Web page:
If like me, there is an autistic slant to your appreciation of books, then you will understand my post-christmas book selection conundrum! Do I continue to stroke the shiny covers of the newly acquired additions to my already bulging bookcase- or do I take the plunge?
But where to start? Perhaps I enjoy the anticipation of a story yet to be told or perhaps I am just an impressive procrastinator. Either way I had better make a selection and get on with it, or my never- ending to read pile will reach epic proportions never to be conquered.
In truth, my delay is partly fuelled by continued absorption and contemplation of certain Christmas viewing: namely The Time of the Doctor, Death Comes to Pemberley, The Tractate Middoth and of course Sherlock. I suppose I should state my position? Rather than embracing cultural imperialism and traditional approaches to absorbing texts (namely books), I prefer to cast my eye a little wider. Meaning can be found in the most interesting of places and thus I enjoy texts of all manner of varieties and reasons (rather like my changing moods). Film, Television, advertising, art, journalism, music AND my beloved books can all express themselves and enlighten me- be it a visual, structural, tonal or creative admiration.
So why have the four mentioned televisual offerings imprinted themselves in the space behind my retinas? Admittedly, I have been in a post-yule Christmas slump fuelled by a love of mince pies and Belgian beer thankfully afforded but once a year. Yet rather than accepting that long-held view that viewing is a passive form of reception, I find myself pleasantly energised. I am sure you will not be surprised when I admit that subversion always piques my interest or then that I am captivated by the way that both Sherlock and Doctor Who expertly played with our pre-existing perceptions. For that matter so did Death Comes to Pemberley and The Tractate Middoth!
However, my greatest surprise came with the sadness felt at Matt Smith's eventual and expected departure. Literally tears. Not being a sci-fi kind of girl, my reaction to the shuffling off his immortal regeneration- cycle completely blind- sided me. Has my 7 year olds fanatical, daily watching of episodes finally brainwashed me or has Mr Smith truly endeared himself ? Good bye Whovian incarnation of mirthful, Lord of Misrule be you the 11th, 12th or 13th Doctor. Just rip the rules up and be done with it! May your regeneration- reset replacement also captive my attention.
Death Comes to Pemberley also offered something a little unexpected. While I admit I tuned in for a little period drama indulgence (who hasn't fantasised about the denouement of that great love and who doesn't enjoy that cathartic release afforded by their romance) what I found was something more unexpected. Tuning- in I was looking forward to the brooding Mr Darcy. Matthew Rhys didn't disappoint. Alas my ashamedly more superficial self was aghast that Anna Maxwell Martin had been cast as Lizzie. She just didn't look right. How wrong was I! She expertly delivered the cerebrally advantaged and wilful Lizzie B (or D). But this highlighting of my narrow thinking, and a reminder to remain more open was not the only winning factor. Also enjoyable was the fusion of genres and the depiction of a more unruly society. Misrule abounded in the court scenes reminding me more of a bawdy Elizabethan theatre crowd, but adeptly highlighting how regulated we have become in more modern times. Jenna Coleman and Matthew Goode wore excellent as the reckless and rascally Wickhams. More please!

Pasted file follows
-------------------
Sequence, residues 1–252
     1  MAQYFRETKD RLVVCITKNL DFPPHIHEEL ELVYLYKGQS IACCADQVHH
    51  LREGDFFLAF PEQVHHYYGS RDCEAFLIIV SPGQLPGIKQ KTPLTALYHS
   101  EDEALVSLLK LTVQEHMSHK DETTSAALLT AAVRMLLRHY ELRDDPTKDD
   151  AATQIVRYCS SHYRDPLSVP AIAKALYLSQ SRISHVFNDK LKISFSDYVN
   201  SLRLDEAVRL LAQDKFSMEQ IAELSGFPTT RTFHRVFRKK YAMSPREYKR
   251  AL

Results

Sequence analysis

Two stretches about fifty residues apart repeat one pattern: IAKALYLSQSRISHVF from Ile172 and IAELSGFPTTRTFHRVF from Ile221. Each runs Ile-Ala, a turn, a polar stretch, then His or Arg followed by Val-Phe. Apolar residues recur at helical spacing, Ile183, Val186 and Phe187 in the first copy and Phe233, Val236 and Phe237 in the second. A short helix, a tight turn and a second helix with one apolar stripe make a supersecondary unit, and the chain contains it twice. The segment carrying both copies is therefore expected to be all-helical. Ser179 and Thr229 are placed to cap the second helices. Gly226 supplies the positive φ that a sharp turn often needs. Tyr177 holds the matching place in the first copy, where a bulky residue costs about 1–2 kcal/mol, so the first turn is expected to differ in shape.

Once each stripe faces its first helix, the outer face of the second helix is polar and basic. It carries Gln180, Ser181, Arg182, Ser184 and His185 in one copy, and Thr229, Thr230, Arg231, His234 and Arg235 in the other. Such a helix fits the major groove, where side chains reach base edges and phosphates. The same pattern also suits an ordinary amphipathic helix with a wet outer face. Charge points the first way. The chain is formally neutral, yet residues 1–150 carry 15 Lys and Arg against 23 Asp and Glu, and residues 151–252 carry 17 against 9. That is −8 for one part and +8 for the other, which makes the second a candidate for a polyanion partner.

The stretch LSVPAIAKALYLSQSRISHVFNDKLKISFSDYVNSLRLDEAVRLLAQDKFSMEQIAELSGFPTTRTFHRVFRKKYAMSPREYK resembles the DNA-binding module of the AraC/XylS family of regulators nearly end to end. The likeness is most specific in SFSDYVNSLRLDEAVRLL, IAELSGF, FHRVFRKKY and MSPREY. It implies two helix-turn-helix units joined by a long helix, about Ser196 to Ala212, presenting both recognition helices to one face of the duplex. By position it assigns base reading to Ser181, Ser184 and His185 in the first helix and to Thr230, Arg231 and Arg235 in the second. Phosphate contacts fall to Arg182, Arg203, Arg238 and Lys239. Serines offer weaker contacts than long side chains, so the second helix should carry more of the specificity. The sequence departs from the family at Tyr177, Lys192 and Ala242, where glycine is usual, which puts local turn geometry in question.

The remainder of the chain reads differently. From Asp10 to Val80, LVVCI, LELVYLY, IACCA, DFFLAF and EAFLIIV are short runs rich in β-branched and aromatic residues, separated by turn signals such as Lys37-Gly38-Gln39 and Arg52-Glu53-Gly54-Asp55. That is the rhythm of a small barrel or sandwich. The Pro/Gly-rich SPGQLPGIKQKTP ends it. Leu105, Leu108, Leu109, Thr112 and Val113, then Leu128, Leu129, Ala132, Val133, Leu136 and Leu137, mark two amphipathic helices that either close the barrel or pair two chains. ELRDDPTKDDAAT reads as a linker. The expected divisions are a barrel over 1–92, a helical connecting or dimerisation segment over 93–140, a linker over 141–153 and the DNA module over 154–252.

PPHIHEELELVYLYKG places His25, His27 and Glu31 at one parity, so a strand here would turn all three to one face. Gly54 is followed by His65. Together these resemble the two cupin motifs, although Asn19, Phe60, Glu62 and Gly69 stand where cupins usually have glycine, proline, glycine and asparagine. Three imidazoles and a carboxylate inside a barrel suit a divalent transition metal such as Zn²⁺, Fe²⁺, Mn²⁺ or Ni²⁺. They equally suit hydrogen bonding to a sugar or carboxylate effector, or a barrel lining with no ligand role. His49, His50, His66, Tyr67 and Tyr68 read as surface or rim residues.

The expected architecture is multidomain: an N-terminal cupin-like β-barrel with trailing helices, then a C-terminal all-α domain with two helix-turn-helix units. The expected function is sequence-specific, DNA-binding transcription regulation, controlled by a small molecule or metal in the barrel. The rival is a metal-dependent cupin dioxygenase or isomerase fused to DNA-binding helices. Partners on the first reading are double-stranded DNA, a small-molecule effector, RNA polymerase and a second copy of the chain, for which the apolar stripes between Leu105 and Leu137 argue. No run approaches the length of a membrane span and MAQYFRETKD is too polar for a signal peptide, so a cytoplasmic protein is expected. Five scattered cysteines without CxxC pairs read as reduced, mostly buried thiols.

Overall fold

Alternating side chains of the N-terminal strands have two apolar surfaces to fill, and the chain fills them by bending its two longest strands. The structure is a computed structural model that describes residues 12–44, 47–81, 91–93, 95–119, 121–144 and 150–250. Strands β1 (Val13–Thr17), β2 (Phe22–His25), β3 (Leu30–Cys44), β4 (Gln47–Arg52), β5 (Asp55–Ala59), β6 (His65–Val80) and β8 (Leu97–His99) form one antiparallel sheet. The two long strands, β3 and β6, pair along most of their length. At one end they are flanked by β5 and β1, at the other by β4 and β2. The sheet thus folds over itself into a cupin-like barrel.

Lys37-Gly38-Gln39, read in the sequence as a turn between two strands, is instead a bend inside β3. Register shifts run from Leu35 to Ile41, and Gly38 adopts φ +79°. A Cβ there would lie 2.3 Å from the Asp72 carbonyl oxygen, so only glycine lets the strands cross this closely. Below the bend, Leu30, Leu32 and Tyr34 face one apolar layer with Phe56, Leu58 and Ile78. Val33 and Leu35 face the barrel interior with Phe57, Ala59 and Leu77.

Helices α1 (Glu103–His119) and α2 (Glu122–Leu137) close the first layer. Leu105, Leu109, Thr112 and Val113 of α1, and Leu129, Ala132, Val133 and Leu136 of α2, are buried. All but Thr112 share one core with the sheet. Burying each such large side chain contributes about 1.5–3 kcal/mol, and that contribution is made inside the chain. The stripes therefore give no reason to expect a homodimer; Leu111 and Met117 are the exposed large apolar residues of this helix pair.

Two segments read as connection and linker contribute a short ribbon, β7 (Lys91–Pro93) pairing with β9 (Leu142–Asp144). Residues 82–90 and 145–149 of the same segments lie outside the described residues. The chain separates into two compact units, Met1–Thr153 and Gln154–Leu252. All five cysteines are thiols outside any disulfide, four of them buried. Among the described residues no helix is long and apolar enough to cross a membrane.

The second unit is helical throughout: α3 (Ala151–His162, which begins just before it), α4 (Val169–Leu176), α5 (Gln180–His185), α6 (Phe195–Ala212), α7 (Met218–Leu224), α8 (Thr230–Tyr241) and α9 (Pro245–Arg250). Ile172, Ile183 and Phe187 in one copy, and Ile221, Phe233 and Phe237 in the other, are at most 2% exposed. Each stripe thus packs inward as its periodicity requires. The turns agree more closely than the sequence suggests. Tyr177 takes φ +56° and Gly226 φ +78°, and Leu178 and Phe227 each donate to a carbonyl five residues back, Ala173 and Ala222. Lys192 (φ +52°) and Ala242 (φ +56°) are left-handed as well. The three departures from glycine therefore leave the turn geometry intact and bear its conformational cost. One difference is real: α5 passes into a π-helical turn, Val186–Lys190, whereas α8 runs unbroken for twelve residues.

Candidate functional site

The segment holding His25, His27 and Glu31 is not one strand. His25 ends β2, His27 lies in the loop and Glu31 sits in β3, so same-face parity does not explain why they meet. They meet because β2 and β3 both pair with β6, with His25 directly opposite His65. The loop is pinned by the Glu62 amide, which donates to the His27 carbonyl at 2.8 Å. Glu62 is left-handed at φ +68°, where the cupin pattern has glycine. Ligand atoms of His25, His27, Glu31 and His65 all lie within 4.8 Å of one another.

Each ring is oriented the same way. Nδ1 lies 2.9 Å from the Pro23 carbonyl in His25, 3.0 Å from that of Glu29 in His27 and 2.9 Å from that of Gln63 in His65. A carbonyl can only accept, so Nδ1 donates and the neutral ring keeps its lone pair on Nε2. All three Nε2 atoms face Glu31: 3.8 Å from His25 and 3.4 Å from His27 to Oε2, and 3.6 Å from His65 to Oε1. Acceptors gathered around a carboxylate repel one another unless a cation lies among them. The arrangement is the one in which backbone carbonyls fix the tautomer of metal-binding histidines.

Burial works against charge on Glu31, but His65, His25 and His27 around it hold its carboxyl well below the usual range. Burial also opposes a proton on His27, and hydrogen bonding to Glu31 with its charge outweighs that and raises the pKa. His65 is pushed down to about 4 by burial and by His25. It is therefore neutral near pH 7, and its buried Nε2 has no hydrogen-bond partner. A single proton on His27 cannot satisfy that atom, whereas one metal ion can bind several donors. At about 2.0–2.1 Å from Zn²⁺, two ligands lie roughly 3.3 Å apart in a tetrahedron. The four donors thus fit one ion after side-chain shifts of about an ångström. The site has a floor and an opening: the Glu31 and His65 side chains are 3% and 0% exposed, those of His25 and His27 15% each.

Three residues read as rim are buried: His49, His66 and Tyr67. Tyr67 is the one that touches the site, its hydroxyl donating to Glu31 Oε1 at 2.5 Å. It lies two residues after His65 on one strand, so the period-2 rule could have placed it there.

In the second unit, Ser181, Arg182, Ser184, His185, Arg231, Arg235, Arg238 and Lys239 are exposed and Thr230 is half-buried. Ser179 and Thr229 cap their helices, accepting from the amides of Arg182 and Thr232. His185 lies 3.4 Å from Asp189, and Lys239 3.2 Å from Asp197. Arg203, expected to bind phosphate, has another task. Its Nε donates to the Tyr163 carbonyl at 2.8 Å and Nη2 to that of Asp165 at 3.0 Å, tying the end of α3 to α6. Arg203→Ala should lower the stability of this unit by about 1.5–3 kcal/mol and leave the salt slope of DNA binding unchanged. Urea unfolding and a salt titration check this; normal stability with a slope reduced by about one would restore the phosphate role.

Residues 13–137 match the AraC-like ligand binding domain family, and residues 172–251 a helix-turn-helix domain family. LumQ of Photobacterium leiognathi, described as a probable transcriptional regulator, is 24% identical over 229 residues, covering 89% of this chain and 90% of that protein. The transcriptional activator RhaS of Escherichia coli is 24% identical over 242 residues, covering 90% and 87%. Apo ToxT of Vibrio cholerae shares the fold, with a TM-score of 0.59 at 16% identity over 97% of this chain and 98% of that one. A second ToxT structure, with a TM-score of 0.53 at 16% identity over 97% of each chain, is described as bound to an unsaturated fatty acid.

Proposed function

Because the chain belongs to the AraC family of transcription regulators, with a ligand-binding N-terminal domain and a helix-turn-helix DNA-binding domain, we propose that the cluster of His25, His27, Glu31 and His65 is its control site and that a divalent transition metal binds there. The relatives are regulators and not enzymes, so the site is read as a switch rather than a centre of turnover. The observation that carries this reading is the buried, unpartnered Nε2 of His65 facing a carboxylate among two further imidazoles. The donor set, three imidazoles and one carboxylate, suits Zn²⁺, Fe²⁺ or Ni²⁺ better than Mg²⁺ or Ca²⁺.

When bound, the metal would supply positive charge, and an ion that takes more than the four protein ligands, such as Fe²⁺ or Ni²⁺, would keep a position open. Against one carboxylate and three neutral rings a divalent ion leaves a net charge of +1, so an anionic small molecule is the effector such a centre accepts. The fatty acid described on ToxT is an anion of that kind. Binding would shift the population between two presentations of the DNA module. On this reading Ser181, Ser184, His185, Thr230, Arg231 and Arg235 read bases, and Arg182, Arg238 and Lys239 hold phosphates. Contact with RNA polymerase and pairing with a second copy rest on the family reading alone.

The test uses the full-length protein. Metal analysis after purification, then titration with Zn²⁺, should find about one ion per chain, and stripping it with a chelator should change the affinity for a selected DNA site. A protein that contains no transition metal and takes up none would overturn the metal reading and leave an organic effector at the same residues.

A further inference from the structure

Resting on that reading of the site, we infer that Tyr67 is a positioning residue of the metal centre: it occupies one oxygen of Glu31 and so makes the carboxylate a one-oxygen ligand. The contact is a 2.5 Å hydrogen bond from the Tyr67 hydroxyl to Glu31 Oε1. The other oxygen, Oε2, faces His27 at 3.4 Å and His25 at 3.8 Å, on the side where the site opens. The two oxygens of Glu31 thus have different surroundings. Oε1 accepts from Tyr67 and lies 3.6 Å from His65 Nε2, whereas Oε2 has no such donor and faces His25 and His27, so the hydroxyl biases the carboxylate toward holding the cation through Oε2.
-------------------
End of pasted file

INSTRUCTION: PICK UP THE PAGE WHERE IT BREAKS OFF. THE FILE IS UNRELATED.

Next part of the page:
In contrast, The Tractate Middoth worked firmly from its 'ghost story' parameters but with a humorous twist. I am sure this was intentional, given Mark Gatiss' creative persuasions. Having a former Who assistant riding a bicycle in the opening scenes smacked of The Comic Strips' take on the Famous Five, invoking an undercurrent of subtle humour to the proceedings by making it slightly twee. An expert choice as it made the story more palatable to modern audiences by giving us a hook to less relatable times, in which Jamesian terrors arguably work best: the edges of modernity when things were less certain and menace crept at the edges more palpably.
Yet it was Sherlock that crept up on me, to even more powerful effect. I was unsure how Moffat and Gatiss were going to top that cliffhanger. The nation has waited with baited breath and the internet abound with possible reichenbecksian solutions! It could easily have been disappointing after all the hype but subversion trumped again! What better way to respond than to play with audience speculation and to leave the answer open. And to do it with a tongue firmly in cheek. Derren Brown, Kissing Moriarty, Jack the Ripper and the bafflement of The Empty Hearse fan group delivered it
So what have I learnt from all my abject fascination and wonderment? That there is a perverse strand of Linkee running through my Christmas viewing! Doctor Who. Oh the shame. Time to expand my textual consciousness and make the plunge now I have confessed. But will it be Mr Penumbra's 24 Hour Bookstore, Ghost Hunters or The Haunted Bookstore?
Some things never change...